Social & Economic Status on Arkansas Women Report Released

October 19th, 2012

Representative Kathy Webb presented her study on Women's Social and Economic Status in Arkansas Thursday to the Joint City, County, and Local Affairs Committee. The study examined a variety of factors that affect women, including healthcare, education, human trafficking, and the economic status of women.

Results from the study reveal that there is still much work to be done to improve women's social and economic status in the state of Arkansas. In regards to education, the study did note that women's gains in education have outpaced those of men for the past 40 years; however, percentage of all adult women with a bachelor's degree or more is still not at the same rate as men. In addition, the study found that Arkansas has the 7th highest rate of poverty for women in the nation.

The study also issues a series of recommendations to improve the status of women throughout the state. These recommendations cover a wide range of topics, from providing scholarships to college-bound women graduates interested in pursuing a career in math and science to establishing a paid family leave for parents.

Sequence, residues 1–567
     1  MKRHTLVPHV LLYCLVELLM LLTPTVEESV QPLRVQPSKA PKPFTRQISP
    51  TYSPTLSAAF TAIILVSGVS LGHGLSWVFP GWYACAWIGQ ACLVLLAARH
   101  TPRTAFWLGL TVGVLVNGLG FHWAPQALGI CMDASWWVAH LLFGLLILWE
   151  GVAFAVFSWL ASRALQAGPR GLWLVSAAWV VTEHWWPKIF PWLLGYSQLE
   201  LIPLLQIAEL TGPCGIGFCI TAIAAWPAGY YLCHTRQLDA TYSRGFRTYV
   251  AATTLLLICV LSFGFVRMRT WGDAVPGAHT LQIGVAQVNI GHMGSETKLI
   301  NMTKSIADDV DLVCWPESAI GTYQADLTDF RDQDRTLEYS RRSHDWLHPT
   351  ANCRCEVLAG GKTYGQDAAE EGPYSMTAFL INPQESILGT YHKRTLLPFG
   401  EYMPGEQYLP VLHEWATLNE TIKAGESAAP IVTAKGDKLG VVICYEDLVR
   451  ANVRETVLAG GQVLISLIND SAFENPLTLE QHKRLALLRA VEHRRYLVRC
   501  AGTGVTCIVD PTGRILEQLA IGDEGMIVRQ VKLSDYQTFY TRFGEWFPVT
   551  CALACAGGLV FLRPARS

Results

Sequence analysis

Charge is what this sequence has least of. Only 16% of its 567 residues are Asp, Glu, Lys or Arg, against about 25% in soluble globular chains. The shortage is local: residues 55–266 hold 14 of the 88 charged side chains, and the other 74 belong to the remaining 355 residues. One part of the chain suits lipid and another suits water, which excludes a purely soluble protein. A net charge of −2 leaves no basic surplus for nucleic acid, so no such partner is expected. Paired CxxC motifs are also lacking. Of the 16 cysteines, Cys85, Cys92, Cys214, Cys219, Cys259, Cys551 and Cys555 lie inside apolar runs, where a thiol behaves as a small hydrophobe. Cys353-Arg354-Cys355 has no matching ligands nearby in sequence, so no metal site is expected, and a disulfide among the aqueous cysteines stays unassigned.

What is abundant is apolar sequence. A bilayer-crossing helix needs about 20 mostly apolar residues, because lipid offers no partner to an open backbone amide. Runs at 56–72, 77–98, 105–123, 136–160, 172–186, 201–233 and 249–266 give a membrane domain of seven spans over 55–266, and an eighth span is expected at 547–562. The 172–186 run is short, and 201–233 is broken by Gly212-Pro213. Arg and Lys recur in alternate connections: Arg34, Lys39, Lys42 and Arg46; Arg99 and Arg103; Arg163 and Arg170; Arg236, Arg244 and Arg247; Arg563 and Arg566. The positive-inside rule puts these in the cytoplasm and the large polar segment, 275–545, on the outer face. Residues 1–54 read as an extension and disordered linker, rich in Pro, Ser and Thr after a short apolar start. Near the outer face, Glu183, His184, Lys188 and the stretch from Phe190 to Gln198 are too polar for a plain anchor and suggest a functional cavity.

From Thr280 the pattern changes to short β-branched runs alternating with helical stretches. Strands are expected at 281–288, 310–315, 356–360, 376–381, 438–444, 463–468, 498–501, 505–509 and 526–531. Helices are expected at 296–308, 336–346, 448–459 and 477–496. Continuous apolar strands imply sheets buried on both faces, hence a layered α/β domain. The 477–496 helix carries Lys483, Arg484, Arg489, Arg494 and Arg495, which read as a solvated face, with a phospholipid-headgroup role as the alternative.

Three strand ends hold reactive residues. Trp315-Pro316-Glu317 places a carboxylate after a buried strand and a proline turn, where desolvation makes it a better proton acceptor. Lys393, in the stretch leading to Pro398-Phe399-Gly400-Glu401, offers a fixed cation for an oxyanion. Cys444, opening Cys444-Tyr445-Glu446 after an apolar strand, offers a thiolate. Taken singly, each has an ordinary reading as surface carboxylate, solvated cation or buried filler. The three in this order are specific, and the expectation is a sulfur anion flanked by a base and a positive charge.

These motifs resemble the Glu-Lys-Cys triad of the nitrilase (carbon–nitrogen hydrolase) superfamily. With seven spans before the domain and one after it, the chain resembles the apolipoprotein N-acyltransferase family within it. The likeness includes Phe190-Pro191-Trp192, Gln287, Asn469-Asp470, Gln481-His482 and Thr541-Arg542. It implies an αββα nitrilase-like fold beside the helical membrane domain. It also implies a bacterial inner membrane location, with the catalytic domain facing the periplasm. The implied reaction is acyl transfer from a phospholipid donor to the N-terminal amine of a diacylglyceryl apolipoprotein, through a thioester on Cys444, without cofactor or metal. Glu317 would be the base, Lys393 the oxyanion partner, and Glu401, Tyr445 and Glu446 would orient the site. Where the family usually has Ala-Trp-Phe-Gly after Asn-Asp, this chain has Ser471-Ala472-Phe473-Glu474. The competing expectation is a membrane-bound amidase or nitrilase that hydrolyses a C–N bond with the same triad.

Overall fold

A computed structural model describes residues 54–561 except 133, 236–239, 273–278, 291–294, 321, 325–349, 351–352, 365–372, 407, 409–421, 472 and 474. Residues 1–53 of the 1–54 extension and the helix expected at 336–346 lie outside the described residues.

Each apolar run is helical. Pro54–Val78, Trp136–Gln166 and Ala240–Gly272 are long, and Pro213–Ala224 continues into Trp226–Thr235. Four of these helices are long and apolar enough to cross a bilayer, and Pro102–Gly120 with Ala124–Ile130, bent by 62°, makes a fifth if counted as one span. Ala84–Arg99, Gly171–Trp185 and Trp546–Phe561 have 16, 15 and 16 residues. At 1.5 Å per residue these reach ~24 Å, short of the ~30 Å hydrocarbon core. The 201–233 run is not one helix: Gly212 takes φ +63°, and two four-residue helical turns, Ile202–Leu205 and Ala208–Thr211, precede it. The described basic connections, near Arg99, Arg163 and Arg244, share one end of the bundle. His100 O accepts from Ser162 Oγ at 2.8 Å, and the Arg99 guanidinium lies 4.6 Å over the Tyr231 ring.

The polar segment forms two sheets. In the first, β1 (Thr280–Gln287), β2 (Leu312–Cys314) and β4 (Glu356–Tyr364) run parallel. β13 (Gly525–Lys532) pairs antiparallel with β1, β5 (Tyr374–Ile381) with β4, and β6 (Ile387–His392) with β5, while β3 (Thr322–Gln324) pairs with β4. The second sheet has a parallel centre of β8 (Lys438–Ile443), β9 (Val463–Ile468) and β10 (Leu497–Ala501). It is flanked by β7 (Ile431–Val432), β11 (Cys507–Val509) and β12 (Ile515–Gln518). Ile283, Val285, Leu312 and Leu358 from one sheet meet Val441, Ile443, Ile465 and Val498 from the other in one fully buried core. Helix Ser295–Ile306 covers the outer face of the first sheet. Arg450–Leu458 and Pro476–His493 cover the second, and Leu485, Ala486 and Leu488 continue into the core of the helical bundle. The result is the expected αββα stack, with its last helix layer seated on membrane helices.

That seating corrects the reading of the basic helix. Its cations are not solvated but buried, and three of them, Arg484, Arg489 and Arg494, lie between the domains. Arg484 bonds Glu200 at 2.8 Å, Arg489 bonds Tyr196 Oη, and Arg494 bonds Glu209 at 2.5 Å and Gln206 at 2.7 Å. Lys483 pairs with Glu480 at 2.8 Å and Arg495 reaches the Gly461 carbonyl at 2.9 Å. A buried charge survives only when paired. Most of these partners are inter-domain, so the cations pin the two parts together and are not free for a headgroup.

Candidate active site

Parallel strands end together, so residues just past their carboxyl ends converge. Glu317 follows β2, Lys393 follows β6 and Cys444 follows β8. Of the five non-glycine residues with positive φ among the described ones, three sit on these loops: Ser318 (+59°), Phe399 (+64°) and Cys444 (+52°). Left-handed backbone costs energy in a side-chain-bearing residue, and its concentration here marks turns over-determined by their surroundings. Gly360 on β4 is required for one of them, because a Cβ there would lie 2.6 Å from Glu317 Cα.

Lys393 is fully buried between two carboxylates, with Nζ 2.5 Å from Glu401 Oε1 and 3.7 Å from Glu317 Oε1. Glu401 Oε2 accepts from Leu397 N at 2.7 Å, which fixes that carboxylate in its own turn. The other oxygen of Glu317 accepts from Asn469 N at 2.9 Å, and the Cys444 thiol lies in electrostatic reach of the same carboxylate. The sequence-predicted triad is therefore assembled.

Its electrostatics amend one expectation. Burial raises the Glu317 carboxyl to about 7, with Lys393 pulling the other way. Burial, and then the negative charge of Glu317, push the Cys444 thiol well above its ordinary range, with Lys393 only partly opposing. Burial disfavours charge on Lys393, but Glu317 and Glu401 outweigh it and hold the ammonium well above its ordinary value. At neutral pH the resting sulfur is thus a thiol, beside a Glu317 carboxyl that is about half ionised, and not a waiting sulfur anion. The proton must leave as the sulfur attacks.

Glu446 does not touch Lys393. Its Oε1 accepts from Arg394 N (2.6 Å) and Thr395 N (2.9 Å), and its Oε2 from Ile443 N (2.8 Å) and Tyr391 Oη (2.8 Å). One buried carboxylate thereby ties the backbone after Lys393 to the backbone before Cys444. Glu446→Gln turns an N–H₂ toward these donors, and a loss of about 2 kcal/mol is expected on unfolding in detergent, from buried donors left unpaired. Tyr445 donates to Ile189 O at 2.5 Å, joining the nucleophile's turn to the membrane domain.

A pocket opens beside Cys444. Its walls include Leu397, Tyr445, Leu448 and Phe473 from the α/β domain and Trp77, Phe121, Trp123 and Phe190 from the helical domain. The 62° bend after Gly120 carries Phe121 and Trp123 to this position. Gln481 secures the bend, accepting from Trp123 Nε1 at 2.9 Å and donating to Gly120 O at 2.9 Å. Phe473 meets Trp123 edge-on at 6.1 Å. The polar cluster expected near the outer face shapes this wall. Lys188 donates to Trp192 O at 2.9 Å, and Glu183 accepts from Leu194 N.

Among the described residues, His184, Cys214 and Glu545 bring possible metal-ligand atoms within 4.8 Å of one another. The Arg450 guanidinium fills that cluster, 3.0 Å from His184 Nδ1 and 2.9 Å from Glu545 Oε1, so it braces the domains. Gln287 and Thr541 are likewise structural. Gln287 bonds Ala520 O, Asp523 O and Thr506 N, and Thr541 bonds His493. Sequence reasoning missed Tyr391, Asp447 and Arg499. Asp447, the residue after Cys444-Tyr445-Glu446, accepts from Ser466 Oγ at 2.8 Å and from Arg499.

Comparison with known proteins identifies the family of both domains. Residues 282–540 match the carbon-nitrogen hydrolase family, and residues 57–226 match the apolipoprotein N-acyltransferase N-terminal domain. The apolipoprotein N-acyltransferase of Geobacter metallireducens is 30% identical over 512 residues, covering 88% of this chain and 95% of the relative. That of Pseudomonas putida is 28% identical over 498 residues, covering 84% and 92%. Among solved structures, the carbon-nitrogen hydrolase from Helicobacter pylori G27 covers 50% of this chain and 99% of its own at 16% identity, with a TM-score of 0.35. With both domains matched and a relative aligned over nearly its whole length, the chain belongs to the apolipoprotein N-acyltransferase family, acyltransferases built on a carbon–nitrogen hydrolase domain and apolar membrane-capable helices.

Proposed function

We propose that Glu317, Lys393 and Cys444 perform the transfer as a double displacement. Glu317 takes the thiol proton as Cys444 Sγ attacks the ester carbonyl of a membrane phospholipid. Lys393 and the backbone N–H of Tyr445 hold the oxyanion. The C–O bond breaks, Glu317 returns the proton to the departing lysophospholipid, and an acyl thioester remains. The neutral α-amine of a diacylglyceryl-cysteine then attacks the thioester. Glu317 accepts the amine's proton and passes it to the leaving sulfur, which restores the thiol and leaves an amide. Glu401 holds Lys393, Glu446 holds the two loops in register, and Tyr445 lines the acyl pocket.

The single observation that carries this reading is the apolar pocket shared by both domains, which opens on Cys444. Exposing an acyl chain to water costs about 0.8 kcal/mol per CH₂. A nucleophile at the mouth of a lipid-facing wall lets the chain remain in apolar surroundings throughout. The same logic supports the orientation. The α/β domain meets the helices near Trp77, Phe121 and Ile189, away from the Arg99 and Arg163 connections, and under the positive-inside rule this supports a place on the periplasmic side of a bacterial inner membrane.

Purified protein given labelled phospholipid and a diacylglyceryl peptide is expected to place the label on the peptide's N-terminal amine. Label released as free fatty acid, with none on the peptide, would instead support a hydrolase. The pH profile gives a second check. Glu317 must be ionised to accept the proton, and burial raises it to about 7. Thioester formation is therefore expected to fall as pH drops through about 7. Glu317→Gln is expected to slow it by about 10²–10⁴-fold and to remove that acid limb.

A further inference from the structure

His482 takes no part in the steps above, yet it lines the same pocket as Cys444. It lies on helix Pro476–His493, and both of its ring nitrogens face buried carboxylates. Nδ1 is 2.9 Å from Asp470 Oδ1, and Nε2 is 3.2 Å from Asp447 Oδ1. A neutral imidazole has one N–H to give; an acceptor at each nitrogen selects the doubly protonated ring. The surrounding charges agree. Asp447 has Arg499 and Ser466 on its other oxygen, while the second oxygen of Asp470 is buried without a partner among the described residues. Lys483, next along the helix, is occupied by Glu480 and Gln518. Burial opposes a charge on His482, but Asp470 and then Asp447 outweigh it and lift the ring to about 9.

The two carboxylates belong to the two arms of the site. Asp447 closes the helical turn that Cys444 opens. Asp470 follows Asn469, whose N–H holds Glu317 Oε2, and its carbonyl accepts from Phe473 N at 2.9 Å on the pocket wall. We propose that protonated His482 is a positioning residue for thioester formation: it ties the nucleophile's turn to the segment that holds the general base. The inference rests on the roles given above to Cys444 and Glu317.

The study comes as a result of House Bill 1911, which was considered during the 2011 regular session by the Arkansas General Assembly. The bill, sponsored by Representative Kathy Webb and Senator Linda Chesterfield, called for the City, County, and Local Affairs Committee of the House of Representatives to "collect economic data from the political subdivisions across the state to determine women's economic status in Arkansas."

The bill was based on a 2002 Institute for Women's Policy Research (IWPR) report, The Status of Women in the States. When this report was updated in 2009 it found that Arkansas ranked between 47th and 50th on most measures examined, including women's median annual earnings, percent of women living above poverty, and the percent of women with four or more years of college.

To find out more information about the study visit